Gamay Noir has a special place in my heart. It’s an underdog of sorts. So many people are only familiar with Gamay as the lighthearted bubblegummy wine known as “Beaujolais Nouveau” – if even at all – that they don’t realize that this light-bodied, easy-drinking red grape can also be serious, complex, and majorly age-worthy.
Gamay Noir is also one of my favorite picks for a food wine – with bright acidity and low tannins, it can be paired with a wide range of dishes. I almost always eat it on Thanksgiving, for its ability to match with numerous foods on the table! But it can also be enjoyed slightly chilled as a summer red, or sipped solo to unwind during a wine & movie night.
what is gamay wine?
Gamay Noir is a light-bodied, medium to high acid red wine. Gamay wines are loved by many because of their delicate floral aromas, subtle earthy notes, and their ability to pair with a vast variety of foods.
If you’re unfamiliar with Gamay wine, it’s pretty similar to a Pinot Noir – but due to its obscurity, it’s often possible to find high-quality bottles for significantly less than you’d pay for a Pinot. (Win!)
Most Gamay wines have a red fruit flavors, such as raspberry, cherry, strawberry, and currant with notes of violet flowers. A more complex and well-made Gamay wine will also have distinct minerality and spicy notes.
Gamay Noir Facts and history
Gamay wine is also known as “Gamay Noir”. Many people compare it to Pinot Noir, and for good reason – they’re cousin grapes!
Gamay grows primarily in Burgundy, France (the Pinot motherland) in a sub-region called Beaujolais. In fact, 75% of the world’s Gamay Noir is produced in Beaujolais, although it can also be found in other cool-climate regions, such as Willamette Valley in Oregon, New Zealand, the Loire Valley in France, and parts of Canada.
The Gamay grape first came around in the Burgundy region in the 14th century, right after the Black Death epidemic. It was much easier to harvest than Pinot Noir, which is why it gained popularity among local growers.
In 1395, the Duke of Burgundy banned the cultivation of Gamay in Burgundy, as he deemed the grape was “disloyal” and “harsh”. So, as Pinot Noir established its dominance in Burgundy, Gamay started to settle it’s roots just south in the Beaujolais region.
Gamay Noir is the signature red variety of Beaujolais, the southernmost sub-region of Burgundy, France. Here, you will almost always see the bottles labeled by one of three classifications: Beaujolais, Beaujolais-Villages, or Beaujolais Nouveau.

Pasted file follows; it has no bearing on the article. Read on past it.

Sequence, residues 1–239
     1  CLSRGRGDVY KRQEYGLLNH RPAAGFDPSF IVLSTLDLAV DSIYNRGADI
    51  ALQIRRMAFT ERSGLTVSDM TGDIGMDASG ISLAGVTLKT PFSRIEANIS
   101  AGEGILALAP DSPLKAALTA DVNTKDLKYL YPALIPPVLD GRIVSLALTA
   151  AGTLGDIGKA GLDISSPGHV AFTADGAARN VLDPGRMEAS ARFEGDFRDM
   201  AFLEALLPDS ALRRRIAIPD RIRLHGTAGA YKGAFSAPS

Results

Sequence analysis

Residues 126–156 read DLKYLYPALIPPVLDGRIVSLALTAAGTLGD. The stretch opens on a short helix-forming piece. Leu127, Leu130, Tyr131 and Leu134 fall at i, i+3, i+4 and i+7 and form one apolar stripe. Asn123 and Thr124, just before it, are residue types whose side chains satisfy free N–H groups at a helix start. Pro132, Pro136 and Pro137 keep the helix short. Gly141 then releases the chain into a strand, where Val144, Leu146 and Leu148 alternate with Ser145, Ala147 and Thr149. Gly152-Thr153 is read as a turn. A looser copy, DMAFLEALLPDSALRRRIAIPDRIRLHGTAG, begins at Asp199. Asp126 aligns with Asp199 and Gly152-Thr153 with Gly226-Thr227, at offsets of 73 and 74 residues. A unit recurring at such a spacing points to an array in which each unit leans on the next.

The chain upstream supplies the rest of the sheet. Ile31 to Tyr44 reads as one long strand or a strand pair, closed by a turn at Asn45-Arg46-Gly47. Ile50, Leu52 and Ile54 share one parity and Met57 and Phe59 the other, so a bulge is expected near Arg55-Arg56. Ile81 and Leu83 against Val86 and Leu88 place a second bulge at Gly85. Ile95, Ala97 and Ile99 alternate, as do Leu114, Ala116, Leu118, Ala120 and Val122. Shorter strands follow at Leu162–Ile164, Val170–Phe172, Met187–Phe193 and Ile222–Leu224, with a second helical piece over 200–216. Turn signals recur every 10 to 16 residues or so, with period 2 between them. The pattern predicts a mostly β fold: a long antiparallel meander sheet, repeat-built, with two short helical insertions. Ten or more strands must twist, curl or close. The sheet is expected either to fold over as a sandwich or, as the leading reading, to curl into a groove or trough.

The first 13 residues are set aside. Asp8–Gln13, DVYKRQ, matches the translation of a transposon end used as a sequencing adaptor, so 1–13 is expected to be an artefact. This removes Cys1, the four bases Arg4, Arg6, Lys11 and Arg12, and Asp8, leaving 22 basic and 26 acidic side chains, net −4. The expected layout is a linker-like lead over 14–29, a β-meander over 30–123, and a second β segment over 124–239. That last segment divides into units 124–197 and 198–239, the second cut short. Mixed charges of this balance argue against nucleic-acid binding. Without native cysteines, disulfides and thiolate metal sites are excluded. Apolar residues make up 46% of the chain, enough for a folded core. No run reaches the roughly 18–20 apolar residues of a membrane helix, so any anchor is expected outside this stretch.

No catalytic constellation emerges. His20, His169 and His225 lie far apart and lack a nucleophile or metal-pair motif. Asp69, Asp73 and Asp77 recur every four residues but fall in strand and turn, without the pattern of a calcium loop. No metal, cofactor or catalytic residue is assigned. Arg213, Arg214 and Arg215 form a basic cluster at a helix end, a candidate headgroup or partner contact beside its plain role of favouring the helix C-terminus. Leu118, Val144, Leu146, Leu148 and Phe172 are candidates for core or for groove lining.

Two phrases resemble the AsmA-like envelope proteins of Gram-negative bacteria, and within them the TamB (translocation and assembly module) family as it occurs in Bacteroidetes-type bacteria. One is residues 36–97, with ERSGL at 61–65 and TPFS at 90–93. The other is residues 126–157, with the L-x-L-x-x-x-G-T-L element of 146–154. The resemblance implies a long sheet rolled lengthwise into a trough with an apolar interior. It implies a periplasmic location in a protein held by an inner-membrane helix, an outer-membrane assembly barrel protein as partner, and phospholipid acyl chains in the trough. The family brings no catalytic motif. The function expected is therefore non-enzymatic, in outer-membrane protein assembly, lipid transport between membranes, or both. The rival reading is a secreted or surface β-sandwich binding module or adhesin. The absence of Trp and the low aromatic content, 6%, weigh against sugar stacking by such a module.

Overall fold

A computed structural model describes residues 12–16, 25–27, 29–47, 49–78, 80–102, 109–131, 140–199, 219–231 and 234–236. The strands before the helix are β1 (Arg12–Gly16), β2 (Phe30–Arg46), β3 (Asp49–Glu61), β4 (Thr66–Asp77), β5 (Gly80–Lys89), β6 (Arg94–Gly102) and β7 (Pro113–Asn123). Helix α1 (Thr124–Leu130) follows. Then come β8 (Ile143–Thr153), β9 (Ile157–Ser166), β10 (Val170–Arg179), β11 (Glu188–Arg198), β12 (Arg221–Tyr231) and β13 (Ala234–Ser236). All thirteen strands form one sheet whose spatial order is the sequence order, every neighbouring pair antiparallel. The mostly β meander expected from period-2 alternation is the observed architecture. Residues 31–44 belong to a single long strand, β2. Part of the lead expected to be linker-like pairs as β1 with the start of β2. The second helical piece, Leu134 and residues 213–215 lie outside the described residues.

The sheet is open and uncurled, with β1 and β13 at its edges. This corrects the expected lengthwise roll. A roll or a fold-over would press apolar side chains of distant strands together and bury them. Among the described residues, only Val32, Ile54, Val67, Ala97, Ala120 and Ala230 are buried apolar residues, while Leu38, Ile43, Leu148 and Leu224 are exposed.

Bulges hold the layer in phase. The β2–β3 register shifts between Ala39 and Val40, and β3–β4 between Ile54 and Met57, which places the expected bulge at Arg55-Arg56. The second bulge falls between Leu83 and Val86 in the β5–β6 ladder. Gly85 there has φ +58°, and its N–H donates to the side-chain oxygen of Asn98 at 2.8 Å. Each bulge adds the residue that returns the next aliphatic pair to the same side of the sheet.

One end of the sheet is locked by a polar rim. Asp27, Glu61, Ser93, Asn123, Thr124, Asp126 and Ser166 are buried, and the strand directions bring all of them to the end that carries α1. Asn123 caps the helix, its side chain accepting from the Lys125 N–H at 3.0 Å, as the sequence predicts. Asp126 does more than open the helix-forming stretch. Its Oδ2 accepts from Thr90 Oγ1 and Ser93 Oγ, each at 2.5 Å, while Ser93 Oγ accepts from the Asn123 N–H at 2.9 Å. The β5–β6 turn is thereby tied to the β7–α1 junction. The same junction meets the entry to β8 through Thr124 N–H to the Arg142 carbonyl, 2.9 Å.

Beaujolais Nouveau is a seasonal treat – every year it’s released the third Thursday of November and is the first wine from the new vintage (the wines harvested that same year). Beaujolais Nouveau is meant to be drunk young and fresh, right after purchasing.
Beaujolais Nouveau is a fun and simple example of Gamay Noir wine. It’s made using the process of carbonic maceration and bottled just 6-8 weeks after harvest – which makes the wine low in tannin, high acidity, and incredibly fruit-forward.
In the glass, you’ll find lush, juicy red fruit aromas of raspberry and cranberry, followed by fig, banana, and potentially even bubblegum. I personally find these wines to be a bit “chewy” in texture. It’s always fun to ring in the new harvest with this celebration!
Beaujolais-Villages wines are also made from the Gamay Noir grape, but in a more everyday drinking style. They’re less tart than Nouveau, with intense fruit, earth, and banana flavors.
Crus Beaujolais are the highest level of Gamay wines from the Beaujolais region in Burgundy, France. These wines are bolder, more complex with darker fruit and floral notes. Beaujolais Cru wines are among the best wines France has to offer and can improve with bottle age.
There are 10 Beaujolais Crus that these higher-end bottles will be labeled with. They are the villages of Brouilly, Chénas, Chiroubles, Côte de Brouilly, Fleurie, Juliénas, Morgon, Moulin-à-Vent, Régnié and Saint-Amour. Each Cru displays unique flavor profiles derived from its distinct terroir.
Some distinct styles among the 10 crus –
Bolder style Beaujolais Cru: Moulin-à-Vent, Morgon, and Chénas
Medium bodied Beaujolais Cru: Cote de Brouilly and Regnie
Light, delicate Beaujolais Cru: Brouilly, Fleurie and St. Amour.
Most Beaujolais Cru wines will not include the words “Beaujolais” or “Gamay” on the label and instead are marked by their Cru.
Gamay Noir Food Pairings
No matter what region your Gamay Noir wine comes from, it’s going to be a food-friendly wine. Gamay wines match well with lighter meat dishes, cured meats, chicken, pork, and salads (so… basically everything!) They can also pair well with spicy foods and most cheese types.
Gamay Noir produces light-bodied red wines with good acidity and low tannin. This grape variety is one of my favorites! Try it with Thanksgiving dinner, pork belly, Tikka Masala, Hawaiian pizza, Tuna Nicoise Salad, or the perfect charcuterie board.